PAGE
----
whereclause = whereclause & "[Drawing] = '" & txtDwg & "'"
    End If

    Is the format of this section incorrect when querying hyperlink field content?

    The second issue relates to the use of an asterisk in general as a wildcard in form based whereclause queries.

    If I enter an asterisk to introduce wildcards as part of a field I get a runtime error 3075 and syntax error (missing operator) in query expression '[SONo] = 18658*'. - Note that 18658.01 is a valid entry and the record is returned when the full value is entered.

    Phil

    Saturday, November 14, 2015 10:36 PM
  • To use a wildcard, you must format your compare value as string and you have to use the Like comparison operator.

    Example:

    WHERE [SONo] Like "18658*"


    • Edited by RunningManHD Saturday, November 14, 2015 11:05 PM
    Saturday, November 14, 2015 11:04 PM
  • Actually, a wildcard would be needed before the drawing number too IF this continues to be stored as a hyperlink.  In my opinion, however, it seems like a lot of extra work to edit all the hyperlinks to add the path. 

    Are all the drawings for a project in the same folder?

    If so and the field is stored as short text, it could be underlined and blue so it looks like a hyperlink ... then code can open the file(s)

    A Hyperlink is a special form of short text that will act as a link to open a file when you click its value. 

    A hyperlink has 4 parts, separated by octothorpes (#)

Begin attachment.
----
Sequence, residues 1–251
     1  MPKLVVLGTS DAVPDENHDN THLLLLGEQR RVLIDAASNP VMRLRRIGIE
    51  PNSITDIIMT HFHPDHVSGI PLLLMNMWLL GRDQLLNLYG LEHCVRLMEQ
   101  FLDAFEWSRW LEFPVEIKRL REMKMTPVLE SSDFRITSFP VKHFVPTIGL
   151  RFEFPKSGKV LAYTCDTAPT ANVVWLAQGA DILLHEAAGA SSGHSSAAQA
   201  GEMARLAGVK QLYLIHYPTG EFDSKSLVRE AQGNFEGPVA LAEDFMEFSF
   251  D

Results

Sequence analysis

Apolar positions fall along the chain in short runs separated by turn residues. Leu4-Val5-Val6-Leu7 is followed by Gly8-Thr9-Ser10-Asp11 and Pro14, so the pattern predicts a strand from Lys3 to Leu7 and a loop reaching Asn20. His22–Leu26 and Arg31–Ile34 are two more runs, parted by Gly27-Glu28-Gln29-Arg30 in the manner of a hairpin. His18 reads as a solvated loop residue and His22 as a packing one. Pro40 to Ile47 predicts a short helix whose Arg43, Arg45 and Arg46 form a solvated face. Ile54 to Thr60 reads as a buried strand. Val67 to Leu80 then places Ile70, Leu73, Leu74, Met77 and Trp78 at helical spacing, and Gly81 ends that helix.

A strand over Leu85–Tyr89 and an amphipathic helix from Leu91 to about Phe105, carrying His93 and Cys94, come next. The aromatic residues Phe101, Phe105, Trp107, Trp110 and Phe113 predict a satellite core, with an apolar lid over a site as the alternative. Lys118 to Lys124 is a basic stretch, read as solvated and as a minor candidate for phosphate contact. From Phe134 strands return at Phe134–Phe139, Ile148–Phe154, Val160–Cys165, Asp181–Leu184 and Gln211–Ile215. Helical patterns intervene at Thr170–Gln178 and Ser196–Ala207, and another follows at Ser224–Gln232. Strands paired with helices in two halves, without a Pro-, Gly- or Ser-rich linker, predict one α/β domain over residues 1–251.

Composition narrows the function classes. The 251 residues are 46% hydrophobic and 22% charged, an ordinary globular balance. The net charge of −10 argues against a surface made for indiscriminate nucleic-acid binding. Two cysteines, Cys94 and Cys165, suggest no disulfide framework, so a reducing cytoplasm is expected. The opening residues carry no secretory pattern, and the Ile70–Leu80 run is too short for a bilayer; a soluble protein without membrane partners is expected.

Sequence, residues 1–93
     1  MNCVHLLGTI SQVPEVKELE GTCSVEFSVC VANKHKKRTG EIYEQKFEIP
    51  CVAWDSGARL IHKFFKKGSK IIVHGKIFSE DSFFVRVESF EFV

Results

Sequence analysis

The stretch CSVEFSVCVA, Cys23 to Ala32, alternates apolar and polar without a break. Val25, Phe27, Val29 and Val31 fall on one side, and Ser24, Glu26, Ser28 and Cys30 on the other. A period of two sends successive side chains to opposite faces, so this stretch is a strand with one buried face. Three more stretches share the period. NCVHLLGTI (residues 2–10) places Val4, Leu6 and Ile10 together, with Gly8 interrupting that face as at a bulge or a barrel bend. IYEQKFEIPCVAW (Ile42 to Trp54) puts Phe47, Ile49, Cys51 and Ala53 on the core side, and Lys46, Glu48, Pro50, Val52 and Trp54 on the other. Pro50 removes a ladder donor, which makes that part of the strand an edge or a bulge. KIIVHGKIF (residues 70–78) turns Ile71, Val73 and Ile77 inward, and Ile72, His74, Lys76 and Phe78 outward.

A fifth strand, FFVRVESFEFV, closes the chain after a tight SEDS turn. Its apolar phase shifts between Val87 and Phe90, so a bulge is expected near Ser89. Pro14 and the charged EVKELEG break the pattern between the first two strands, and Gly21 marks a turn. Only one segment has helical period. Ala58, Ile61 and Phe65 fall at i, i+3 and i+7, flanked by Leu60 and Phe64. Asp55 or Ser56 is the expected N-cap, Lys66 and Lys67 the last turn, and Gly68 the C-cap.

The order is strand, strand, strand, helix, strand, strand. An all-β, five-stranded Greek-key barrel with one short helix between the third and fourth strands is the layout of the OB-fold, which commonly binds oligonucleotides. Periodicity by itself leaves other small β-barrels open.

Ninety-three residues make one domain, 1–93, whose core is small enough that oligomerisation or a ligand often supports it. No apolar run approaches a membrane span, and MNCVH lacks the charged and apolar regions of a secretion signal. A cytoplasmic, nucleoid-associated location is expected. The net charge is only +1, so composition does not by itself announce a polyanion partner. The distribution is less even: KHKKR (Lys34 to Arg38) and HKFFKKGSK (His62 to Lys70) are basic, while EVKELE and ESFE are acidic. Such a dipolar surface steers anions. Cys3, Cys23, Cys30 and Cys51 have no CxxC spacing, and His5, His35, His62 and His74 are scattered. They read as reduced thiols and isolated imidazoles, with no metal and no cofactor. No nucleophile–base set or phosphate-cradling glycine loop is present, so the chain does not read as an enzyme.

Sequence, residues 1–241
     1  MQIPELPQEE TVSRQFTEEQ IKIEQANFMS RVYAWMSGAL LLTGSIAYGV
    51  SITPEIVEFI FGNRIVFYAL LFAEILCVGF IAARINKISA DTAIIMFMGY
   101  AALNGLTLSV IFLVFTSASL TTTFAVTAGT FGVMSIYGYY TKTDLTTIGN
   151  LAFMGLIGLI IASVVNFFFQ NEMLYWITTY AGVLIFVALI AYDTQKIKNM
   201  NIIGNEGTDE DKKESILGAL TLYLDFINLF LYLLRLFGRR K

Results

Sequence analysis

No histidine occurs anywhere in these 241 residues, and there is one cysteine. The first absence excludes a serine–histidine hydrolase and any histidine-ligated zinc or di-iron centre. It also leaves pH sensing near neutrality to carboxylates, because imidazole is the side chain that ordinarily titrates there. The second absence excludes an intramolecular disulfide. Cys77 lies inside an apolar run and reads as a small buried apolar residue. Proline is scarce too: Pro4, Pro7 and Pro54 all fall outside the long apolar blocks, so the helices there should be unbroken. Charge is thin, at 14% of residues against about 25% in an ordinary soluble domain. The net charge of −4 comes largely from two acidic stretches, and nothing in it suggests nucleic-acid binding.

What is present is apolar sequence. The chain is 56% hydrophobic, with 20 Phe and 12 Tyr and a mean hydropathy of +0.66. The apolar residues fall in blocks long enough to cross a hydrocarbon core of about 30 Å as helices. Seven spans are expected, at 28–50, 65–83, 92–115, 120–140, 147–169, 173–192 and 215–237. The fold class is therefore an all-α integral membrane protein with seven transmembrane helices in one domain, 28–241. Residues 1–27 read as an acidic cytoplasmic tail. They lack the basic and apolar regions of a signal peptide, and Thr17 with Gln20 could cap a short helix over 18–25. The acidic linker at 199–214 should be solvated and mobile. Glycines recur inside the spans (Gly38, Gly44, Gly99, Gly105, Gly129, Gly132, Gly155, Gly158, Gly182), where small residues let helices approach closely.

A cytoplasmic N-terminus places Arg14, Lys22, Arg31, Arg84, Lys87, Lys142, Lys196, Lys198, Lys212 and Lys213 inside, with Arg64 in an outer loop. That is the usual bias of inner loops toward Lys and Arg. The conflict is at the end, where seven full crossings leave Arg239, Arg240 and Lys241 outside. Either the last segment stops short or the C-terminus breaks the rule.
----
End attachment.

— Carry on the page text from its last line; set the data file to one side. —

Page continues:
1. text to display.
    2. actual address of the file.
    3. reference a named section within the specified file
    4. screen tip


    Warm Regards, Crystal http://www.AccessMVP.com/strive4peace * (: have an awesome day :)

    Saturday, November 14, 2015 11:33 PM
  • As RunningManHD and I have both pointed out, if you are going to use pattern matching then you must use the LIKE operator.  The code for your search expression would then be:

        whereclause = whereclause & "[Drawing] LIKE '" & txtDwg & "'"

    I agree with Crystal that a short text column is a simpler solution.  The little demo to which I referred you illustrates how a text value can be presented to the user as a hyperlink, though in my case formatting the control as a hyperlink is used rather than underlining.  The former also changes the mouse pointer to a hand.

    Ken Sheridan, Stafford, England

    Sunday, November 15, 2015 12:41 AM
  • thanks, Ken ... and btw, you forgot wildcards ...

    whereclause = whereclause & "[Drawing] LIKE '*" & txtDwg & "*'"

    without wildcards, Like is the same as = only slower ...

    anyway, hyperlinks cannot do wildcards, they must be to a specific file.  Code, of course, can do anything ;) ~ almost